The US Embassy in Rio de Janeiro was the first completely modern embassy commissioned and built by the State Department's Office of Foreign Business Operations (FBO) - reorganized and renamed the Bureau of Overseas Buildings Operations (OBO) in 2001 (Sennott, 401). It was the FBO's largest project since World War II (Loeffler, 61). Leland King, who was in charge of managing architectural projects for the FBO, retained Harrison & Abramovitz to design the new U.S. Embassy in Rio (Loeffler, 61). Wallace K. Harrison & Max Abramovitz were well-known architects who had formed a partnership in 1945 (Loeffler, 61). They were working on the U.S. Embassy in Havana and the United Nations buildings along New York's East River during the mid-twentieth century as well (Loeffler, 61). With a rectangular footprint, this 13-story tower is made up mostly of offices; however, upon completion two floors of the embassy tower were designated for residential use (Loeffler, 62). Each floor had eight efficiency apartments. This was the FBO's first attempt to combine staff housing with designated office space.
The Consulate is located on the north corner of R. Mexico and Av. Pres. Wilson, with the main facade facing and set back about 100' from R. Mexico. Aside from the 1-2 story irregularly-shaped library attached to the main facade, which is within the 100' landscaped setback from R. Mexico, the building has a rectangular footprint. It is a twelve-story tower structure that is capped by a "penthouse loggia" (Loeffler, 62). The unornamented exterior surface emphasizes the planar quality of the building envelope. The finish material is Italian travertine ("U.S. Architecture Abroad"). All four elevations contain windows; the longer elevations have eighteen bays, and the shorter elevations have seven bays. The loggia roof has circular openings along the elevations that face R. Mexico and Av. Pres. Wilson - one opening for every two bays. The nearest green space is across Av. Pres. Wilson at Praça Quatro de Julho, a public park approximately 150' x 150'. The structure is about 2000' west of the Santos Dumont Airport and 1500' northwest of the coast.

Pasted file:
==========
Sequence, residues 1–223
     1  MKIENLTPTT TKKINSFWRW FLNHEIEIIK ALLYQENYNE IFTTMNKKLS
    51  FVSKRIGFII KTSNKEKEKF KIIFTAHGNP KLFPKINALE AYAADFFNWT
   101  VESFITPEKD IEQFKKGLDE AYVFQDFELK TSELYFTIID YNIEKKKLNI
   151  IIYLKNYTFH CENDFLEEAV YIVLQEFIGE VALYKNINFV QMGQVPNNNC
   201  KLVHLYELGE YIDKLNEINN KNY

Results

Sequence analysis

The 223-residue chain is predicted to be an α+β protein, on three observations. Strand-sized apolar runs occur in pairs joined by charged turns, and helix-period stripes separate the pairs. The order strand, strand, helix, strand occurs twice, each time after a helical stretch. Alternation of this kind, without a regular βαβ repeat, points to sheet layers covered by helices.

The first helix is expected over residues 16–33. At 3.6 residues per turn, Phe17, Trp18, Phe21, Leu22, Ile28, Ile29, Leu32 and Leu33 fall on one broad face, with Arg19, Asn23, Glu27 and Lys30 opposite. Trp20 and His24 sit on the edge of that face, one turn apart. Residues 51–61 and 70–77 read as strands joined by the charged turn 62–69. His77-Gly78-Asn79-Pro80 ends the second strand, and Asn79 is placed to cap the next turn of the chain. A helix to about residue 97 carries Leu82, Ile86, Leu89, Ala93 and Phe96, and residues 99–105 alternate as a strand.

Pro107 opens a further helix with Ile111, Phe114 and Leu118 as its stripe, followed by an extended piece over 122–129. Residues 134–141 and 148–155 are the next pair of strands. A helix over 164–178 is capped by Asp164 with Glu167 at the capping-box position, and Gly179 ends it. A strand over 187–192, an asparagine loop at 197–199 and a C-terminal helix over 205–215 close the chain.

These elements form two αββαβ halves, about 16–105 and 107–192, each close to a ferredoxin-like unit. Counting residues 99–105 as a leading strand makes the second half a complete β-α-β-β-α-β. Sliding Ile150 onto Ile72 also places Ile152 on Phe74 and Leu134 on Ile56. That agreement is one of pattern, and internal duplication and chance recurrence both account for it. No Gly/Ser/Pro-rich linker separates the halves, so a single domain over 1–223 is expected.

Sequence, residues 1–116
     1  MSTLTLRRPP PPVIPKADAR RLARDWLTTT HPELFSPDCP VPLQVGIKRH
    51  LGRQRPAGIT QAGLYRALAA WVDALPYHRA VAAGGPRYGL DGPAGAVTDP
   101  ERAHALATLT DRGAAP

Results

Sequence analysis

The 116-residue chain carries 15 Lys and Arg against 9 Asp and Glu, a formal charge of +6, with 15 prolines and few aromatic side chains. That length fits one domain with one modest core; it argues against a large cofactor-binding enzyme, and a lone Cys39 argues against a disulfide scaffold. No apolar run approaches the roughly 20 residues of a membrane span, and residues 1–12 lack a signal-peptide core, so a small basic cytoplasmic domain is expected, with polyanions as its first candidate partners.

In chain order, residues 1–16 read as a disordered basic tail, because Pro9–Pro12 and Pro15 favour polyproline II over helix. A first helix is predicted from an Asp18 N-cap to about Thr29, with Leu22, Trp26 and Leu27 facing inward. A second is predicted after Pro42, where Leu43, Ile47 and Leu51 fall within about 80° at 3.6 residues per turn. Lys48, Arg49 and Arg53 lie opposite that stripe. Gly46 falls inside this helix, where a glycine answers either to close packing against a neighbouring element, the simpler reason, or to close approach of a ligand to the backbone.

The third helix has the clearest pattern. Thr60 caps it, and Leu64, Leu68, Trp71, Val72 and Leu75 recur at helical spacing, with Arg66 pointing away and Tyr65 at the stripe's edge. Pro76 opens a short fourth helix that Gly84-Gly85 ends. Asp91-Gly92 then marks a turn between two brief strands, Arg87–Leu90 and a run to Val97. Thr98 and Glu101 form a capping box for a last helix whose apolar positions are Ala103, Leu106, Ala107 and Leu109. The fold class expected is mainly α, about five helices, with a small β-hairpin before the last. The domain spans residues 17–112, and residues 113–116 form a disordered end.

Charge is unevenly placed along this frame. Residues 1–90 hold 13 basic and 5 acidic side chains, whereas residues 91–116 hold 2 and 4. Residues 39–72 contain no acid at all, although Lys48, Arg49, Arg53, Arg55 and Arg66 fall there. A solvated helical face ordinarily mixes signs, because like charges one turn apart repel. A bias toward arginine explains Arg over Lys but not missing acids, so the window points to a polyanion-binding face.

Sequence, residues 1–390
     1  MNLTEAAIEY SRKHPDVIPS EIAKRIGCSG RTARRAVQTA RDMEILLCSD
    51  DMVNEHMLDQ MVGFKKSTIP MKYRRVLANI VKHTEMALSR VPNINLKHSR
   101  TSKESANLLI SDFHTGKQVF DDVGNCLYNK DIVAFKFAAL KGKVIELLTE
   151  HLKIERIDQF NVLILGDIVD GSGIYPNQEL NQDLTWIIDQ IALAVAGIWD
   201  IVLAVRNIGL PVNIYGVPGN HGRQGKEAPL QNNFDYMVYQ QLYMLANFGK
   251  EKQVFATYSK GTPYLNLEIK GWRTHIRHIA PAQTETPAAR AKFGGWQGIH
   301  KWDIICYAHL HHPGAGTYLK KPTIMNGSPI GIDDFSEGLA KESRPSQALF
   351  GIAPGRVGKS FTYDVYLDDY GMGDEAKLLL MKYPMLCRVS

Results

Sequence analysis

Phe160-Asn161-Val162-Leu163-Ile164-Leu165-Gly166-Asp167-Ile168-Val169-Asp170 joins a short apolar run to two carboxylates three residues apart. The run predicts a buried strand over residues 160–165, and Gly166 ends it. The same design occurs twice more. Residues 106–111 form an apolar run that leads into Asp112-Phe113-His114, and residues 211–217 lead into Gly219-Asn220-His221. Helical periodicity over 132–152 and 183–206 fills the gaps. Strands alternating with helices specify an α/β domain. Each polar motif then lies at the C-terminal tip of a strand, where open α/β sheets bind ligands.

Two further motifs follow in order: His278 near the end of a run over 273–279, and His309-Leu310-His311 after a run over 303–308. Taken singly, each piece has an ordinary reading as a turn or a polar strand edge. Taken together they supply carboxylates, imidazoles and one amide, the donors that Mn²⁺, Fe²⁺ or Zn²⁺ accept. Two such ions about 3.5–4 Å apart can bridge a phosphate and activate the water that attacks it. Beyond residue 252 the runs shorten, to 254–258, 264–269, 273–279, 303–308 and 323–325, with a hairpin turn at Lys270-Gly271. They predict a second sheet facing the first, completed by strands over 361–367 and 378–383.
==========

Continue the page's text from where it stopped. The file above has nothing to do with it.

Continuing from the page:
The Embassy originally appeared stark in its context due to lack of ornament, and even though the height and the modern style were not radical for Rio at the time it was built in 1952, the structure stood out in its immediate surroundings.
At the time of its construction in 1952, it was the tallest and considered the most conspicuous building ever constructed by the State Department (Loeffler, 62).
An embassy is a "tangible emblem of a foreign nation's presence" and no other country explored this building type as a tool for cultural diplomacy as vastly as the United States did (Sennott, 400-401). After World War II there was a rise in demand for office buildings within the United States and overseas. In this golden age of development and emerging era of optimism post-war, the modern style allowed Americans to break free of the past and the mentality of being held back by tradition. American President, Harry S. Truman, enacted a new foreign policy in the Truman Doctrine in 1946, declaring worldwide "containment" (Chasteen, 286). This was in response to the advent of the Cold War and the infiltration of Communism in foreign nations. With the belief that "the right to freedom from oppression was universal", Truman proclaimed "that foreign policy should never lose sight of its reasons for existence: the American democracy and its principles" (Pierce, 166). The focus of this policy was on Europe, but the scope was worldwide.